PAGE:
Here are some things that you can ask, and some examples of how Isabelle – the user persona we identified for the language learning company – might be targeted with you blog posts.
Questions to ask your client:
- General questions: what is the gender, age group, education level and average income level of your ideal persona?
- What is the intended purpose of your content: to inform, to entertain, to build community, to raise awareness, to pre-pitch, or to make a sale?
- What is important to your reader?
- What problem is your reader trying to solve? (e.g. Isabelle is trying to find a language learning solution for her child. She wants something fun, that uses games, but that is also based on solid research.)
- What are your reader’s frustrations/pain points in regard to their problems? (e.g. Isabelle doesn’t have time to waste on a low quality product or a blog post that is too general. She wants to read blog posts that show how the product can be used for her child’s age group.)
- Which of these problems does your product solve?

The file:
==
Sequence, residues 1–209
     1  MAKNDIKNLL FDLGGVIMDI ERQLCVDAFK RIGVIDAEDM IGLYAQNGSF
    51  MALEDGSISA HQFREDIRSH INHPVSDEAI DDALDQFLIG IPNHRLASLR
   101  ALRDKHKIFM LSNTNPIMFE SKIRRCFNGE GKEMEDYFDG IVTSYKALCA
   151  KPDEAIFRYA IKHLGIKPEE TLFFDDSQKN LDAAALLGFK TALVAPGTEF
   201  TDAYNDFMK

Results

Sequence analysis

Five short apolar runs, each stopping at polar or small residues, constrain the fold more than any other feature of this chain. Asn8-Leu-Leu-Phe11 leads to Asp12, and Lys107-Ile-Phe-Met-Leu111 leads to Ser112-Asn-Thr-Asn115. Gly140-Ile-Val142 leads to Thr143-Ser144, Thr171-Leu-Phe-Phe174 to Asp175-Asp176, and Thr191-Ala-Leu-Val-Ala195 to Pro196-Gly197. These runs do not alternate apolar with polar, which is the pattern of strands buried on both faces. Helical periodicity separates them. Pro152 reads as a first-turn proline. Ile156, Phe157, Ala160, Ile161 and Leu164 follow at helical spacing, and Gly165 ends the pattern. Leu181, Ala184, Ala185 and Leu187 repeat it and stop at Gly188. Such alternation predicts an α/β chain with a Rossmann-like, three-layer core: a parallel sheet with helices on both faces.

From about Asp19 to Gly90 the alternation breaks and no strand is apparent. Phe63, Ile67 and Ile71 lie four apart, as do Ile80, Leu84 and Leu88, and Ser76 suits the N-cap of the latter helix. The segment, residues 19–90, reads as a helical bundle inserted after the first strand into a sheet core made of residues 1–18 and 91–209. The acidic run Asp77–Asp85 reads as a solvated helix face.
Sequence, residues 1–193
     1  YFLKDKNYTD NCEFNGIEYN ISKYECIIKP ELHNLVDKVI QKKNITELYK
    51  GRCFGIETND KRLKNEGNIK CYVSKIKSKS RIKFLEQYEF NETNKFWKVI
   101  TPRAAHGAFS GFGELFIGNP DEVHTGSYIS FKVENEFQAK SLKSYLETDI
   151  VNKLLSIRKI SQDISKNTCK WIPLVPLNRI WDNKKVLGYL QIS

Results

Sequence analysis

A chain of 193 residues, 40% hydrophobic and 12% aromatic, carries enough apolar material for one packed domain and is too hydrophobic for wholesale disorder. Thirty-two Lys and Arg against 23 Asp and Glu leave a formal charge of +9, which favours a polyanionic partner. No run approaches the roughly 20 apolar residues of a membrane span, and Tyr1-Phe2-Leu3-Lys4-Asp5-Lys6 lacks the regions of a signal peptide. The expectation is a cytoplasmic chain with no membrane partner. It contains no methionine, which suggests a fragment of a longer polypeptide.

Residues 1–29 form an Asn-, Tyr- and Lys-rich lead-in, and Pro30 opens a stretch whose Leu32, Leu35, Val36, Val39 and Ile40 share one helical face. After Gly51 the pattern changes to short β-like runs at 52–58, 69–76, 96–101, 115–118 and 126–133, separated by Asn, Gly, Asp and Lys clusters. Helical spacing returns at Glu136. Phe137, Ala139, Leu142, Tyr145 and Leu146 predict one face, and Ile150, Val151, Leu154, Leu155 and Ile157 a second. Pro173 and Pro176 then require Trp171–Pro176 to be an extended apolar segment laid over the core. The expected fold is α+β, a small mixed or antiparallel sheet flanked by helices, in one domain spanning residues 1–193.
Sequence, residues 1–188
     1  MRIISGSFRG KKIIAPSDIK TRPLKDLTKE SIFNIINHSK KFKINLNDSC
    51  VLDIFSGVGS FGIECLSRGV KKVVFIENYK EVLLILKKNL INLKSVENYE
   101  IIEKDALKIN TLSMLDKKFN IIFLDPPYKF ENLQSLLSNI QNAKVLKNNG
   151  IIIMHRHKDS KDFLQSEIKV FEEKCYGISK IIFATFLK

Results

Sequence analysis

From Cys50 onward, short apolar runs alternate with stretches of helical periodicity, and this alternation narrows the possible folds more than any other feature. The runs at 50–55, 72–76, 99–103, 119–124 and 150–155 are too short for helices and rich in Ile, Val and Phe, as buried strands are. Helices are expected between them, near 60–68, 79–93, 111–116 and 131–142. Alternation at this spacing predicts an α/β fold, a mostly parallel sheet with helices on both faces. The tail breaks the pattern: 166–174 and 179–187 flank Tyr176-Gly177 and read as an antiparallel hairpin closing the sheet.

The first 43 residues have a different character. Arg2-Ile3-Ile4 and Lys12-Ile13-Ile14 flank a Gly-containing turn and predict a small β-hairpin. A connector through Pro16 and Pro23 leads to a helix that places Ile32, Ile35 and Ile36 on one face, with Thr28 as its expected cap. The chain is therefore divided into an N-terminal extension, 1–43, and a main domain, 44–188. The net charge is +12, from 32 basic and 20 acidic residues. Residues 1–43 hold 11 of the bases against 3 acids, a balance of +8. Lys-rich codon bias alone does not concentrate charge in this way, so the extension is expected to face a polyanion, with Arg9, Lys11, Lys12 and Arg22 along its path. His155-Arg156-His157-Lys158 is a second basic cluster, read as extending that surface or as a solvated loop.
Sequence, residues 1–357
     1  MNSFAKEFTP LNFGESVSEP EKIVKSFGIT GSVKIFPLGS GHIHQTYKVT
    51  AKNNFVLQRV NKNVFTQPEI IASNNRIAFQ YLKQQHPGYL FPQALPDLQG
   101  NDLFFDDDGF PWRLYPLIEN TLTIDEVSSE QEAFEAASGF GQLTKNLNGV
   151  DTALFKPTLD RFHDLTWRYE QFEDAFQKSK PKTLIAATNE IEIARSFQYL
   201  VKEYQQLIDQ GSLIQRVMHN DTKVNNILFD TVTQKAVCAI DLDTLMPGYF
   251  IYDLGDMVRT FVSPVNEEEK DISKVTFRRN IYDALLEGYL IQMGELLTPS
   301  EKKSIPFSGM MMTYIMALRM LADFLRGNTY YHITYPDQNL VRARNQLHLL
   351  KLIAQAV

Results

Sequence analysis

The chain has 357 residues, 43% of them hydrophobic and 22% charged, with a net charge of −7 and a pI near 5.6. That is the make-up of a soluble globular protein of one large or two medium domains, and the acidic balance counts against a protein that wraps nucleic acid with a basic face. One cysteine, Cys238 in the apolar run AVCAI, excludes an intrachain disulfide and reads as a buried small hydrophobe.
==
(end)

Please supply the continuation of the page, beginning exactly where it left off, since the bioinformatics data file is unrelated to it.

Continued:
- What objections might your reader have regarding the content and your product?
- In what context will they use the website or the product?
- What is your reader’s purchasing decision-making process? Do they care more about price or about quality? Are they topic savvy or will they need support? Do they care about brand or practical value? Are they interested in joining a community or are they independent?
- What does it take to turn a one-time user into a returning user? (e.g. Isabelle is likely a returning customer if she’s happy with the product. As her child grows, she will likely buy products for an older age group.)
- What does your persona dislike? (e.g. Isabelle doesn’t have time or tolerance for popular culture gifs spread throughout your blog posts.)
- What do you expect your reader to do after reading your post? (e.g. Isabelle already knows that she’s going to buy a product for her child. You just need to convince her that learning a language through music will yield results.)
- How much time does the reader spend on the website? Are they just skimming or are they interested in long form content? (e.g. Isabelle is busy, so she won’t waste her time on fluff content. However, she will read well-researched posts that quote reputable sources (professionals in the field of language learning) and recent studies sourced from scholarly journals.)
2. Researching your client’s content
If your client already has an active page, it’s a good idea to take some time and research their website copy and what they previously published on their blog.